Lead researcher Thom Scott-Phillips, from the University of Durham, said: “We conducted an experiment on bacterial communication, and found that they communicate in a way that was previously thought to be unique to humans and perhaps some other primates.

“This has serious implications for our understanding of the origins of human communication and language.”

The findings are published in the online journal Public Library Of Science ONE.

Brain size plays a major role in self-control and restraint 


An animal study revealed that brain size plays a major role in displaying self-control and self-restraint, according to a team of University researchers.

This study, conducted on 36 species of mammals ranging from orangutans to zebra finches, is the first large-scale investigation into the evolution of self-control. Study authors found that chimpanzees had more self-control than foxes and squirrels. They also found that brain size has a lot to do with the level of self-control these animals displayed.

The researchers noted that species with larger brain volume had more superior cognitive powers than species with larger body size. Additionally, species that were not particular about what they included in their diet showed better self-restraint.

Findings of the new study debunk previous statements that suggest “relative” brain size is a more accurate predictor of intelligence than “absolute” brain size.

  Species included in the study were bonobos, chimpanzees, gorillas, olive baboons, stump-tailed macaques, golden snub-nosed monkeys, brown, red-bellied and aye-aye lemurs, coyotes, dogs, gray wolves, Asian elephants, domestic pigeons, orange-winged amazons, Eurasian jays, western scrub jay, zebra finches and swamp sparrows.

One experiment included training big and small creatures to access food inside a cylinder through a side entrance. In the first part of the experiment, researchers placed food items in an opaque cylinder and trained the creatures to gain access to the food by entering the cylinder through a side entrance. Once the creatures grew familiar with how to enter the cylinder, the food was moved to a transparent cylinder.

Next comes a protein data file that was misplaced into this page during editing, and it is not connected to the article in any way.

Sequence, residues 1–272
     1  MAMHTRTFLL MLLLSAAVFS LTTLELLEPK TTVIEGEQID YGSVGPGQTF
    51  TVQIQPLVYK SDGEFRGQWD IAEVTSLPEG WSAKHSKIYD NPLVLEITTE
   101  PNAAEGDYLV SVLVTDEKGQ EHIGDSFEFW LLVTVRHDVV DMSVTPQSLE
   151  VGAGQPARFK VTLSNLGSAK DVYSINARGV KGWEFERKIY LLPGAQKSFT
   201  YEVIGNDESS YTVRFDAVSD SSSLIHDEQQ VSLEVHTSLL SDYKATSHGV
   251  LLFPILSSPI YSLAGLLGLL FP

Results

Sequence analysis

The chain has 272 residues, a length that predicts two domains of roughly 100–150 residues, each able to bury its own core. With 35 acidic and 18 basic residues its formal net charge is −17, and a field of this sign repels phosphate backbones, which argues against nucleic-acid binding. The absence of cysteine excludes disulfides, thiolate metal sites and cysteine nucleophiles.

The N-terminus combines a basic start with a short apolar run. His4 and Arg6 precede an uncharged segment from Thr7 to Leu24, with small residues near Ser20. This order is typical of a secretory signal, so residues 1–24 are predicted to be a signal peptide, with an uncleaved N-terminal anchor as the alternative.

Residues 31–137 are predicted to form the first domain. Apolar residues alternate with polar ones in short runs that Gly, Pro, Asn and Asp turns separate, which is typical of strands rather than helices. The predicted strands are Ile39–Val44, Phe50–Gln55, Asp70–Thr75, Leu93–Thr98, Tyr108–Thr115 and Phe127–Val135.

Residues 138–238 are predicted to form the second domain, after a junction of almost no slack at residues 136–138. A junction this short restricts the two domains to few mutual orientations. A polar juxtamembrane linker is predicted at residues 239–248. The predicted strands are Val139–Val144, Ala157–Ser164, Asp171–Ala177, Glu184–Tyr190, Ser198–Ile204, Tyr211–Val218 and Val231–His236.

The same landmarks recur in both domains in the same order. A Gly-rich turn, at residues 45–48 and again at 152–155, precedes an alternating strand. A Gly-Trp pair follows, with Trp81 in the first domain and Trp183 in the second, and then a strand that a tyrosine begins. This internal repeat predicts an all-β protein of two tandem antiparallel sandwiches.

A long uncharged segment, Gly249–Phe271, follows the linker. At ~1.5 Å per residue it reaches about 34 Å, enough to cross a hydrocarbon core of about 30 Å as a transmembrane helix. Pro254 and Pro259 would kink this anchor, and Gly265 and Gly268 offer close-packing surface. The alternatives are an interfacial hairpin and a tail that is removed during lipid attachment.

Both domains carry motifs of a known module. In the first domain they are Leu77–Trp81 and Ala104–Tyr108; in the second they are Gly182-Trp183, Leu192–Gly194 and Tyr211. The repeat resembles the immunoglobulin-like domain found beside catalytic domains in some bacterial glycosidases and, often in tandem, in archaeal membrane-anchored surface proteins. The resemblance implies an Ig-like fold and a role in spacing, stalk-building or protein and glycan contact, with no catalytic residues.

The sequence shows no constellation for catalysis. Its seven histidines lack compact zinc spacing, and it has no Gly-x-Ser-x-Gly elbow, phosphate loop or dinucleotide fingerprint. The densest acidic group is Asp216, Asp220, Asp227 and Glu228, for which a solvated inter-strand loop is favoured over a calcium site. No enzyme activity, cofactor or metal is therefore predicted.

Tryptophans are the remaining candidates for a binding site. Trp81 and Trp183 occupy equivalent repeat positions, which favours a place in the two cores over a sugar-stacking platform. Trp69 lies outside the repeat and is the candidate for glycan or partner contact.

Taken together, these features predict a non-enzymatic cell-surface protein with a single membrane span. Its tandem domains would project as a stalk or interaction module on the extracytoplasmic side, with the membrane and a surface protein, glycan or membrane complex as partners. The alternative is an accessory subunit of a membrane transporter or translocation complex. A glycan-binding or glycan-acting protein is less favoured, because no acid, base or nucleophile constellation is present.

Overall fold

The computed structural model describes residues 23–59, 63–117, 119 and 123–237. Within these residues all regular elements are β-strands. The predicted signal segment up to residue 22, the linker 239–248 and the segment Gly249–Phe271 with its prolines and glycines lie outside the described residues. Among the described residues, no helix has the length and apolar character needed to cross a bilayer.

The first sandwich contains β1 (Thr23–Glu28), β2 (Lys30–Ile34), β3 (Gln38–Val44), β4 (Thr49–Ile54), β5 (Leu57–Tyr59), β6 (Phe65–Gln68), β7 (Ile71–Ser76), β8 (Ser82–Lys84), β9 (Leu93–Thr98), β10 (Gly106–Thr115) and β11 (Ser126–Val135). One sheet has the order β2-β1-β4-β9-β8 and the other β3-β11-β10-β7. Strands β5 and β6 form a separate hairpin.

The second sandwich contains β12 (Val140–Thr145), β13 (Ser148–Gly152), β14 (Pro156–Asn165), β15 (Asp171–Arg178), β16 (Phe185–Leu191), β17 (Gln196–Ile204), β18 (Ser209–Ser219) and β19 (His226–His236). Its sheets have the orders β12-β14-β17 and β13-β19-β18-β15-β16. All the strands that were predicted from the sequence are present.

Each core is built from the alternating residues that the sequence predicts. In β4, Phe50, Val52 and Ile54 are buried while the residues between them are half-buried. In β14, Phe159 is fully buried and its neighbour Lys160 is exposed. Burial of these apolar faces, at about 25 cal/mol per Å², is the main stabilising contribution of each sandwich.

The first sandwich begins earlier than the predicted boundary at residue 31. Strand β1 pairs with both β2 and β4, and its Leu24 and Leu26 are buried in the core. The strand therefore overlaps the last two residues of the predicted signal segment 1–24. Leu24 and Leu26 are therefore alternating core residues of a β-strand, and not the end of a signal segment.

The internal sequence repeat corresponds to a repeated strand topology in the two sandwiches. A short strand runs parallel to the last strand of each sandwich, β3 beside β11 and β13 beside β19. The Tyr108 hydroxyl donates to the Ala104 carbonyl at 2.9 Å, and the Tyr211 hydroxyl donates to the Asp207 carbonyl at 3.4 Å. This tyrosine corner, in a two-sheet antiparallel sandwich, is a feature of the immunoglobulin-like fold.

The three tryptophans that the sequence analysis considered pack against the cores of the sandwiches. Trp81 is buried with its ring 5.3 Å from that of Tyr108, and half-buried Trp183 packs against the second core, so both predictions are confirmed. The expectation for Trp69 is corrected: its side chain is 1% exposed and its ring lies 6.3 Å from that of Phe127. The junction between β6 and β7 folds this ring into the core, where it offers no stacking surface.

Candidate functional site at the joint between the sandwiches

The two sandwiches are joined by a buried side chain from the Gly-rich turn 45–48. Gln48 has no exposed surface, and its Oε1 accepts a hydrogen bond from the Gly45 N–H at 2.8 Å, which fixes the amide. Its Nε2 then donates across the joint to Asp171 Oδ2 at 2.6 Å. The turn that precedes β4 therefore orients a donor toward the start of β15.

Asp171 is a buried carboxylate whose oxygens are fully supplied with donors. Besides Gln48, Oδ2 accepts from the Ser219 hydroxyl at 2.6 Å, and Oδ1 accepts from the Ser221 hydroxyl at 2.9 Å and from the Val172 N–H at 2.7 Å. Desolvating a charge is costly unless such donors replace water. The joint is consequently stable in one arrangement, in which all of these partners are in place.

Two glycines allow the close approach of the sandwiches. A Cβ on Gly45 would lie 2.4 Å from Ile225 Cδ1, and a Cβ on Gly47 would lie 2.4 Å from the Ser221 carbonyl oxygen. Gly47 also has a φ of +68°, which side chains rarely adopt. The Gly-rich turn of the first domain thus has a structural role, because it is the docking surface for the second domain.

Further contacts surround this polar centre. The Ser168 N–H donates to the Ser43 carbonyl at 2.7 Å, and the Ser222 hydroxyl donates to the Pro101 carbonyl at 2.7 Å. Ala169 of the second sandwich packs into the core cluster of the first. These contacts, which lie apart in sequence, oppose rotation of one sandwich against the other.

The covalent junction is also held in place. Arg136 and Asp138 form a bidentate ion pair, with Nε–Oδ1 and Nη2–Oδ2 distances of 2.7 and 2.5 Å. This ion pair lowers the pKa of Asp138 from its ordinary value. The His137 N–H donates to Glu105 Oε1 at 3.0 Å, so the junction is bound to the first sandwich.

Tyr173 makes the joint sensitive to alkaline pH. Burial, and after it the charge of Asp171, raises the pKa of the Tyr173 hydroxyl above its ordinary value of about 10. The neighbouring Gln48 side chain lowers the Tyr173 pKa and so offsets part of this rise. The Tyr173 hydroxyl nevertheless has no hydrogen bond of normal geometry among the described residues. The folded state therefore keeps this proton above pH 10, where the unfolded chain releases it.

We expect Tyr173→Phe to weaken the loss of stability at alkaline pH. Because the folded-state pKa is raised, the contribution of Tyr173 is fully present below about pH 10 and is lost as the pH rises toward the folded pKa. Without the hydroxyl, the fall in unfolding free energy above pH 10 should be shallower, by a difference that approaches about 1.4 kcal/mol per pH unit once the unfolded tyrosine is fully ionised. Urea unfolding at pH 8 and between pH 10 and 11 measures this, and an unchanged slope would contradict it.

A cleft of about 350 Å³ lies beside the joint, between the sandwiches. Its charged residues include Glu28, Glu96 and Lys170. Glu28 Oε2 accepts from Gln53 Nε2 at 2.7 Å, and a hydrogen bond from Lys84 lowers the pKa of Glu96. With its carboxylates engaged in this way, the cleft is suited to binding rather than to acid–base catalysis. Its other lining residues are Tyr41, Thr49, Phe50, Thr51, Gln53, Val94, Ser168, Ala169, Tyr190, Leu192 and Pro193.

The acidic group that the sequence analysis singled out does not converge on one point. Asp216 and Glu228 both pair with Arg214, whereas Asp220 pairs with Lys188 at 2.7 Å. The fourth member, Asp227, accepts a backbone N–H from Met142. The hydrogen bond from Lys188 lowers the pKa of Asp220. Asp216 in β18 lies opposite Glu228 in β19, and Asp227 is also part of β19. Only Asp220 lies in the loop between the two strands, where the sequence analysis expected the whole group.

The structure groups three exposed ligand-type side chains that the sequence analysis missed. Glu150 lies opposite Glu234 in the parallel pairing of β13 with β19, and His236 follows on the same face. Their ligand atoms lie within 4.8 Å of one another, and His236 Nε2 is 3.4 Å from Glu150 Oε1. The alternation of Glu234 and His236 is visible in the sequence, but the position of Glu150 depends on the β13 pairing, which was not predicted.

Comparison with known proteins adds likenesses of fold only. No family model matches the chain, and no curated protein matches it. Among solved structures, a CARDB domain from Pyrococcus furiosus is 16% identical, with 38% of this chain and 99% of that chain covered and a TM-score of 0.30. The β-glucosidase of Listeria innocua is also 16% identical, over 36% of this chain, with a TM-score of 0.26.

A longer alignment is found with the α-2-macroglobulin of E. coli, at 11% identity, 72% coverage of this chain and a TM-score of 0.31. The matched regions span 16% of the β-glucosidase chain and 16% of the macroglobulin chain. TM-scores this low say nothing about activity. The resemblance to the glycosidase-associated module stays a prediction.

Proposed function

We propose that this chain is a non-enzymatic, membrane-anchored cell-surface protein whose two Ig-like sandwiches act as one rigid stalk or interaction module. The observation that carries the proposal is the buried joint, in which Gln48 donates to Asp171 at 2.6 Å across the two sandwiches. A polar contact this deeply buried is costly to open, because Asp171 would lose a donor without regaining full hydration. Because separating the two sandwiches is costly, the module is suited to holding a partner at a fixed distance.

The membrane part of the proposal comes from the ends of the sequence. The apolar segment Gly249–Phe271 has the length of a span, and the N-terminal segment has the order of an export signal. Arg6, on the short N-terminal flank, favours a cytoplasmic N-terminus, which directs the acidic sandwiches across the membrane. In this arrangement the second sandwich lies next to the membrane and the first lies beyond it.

Researchers wanted to observe whether the animals would directly dash into the cylinder to grab the food or will use the previously learnt technique to enter the cylinder and eat the food.

The results showed that gorillas and other large-brained animals utilized the previously learnt technique to attain the “bait.” The smaller brained animals showed mixed results.

“About half of the squirrels and gerbils did well and inhibited the direct approach in more than seven out of 10 trials,” UC Berkeley doctoral student Mikel Delgado said in a statement. “The rest didn’t do so well.”

Another test included placing three cups (A, B and C) in a row with food in one of the cups (usually cup A). At first the animals were allowed to see which cup the food was placed in. After a while the cups were turned upside-down and the animals were made to identify which cup contained the food. If an animal could tap the correct cup three times, it proceeded to the next round. In the next round, the food was moved from cup A to cup B.

“The question was, would they approach cup A, where they had originally learned the food was placed, or could they update this learned response to get the food from a new location?” Delgado said. “The squirrels and gerbils tended to go to the original place they had been trained to get food, showing a failure to inhibit what they originally learned.”

The study authors went on to highlight a possible explanation as to why species with bigger brains had better self-control. The researchers assume that because bigger brains can accommodate more number of neurons, the brain becomes more modularized, facilitating the development of “new cognitive networks.”

Researchers said that this experiment also delivers a useful message to humans too recommending people should stop and think for a while before making any decisions or snatching a reward.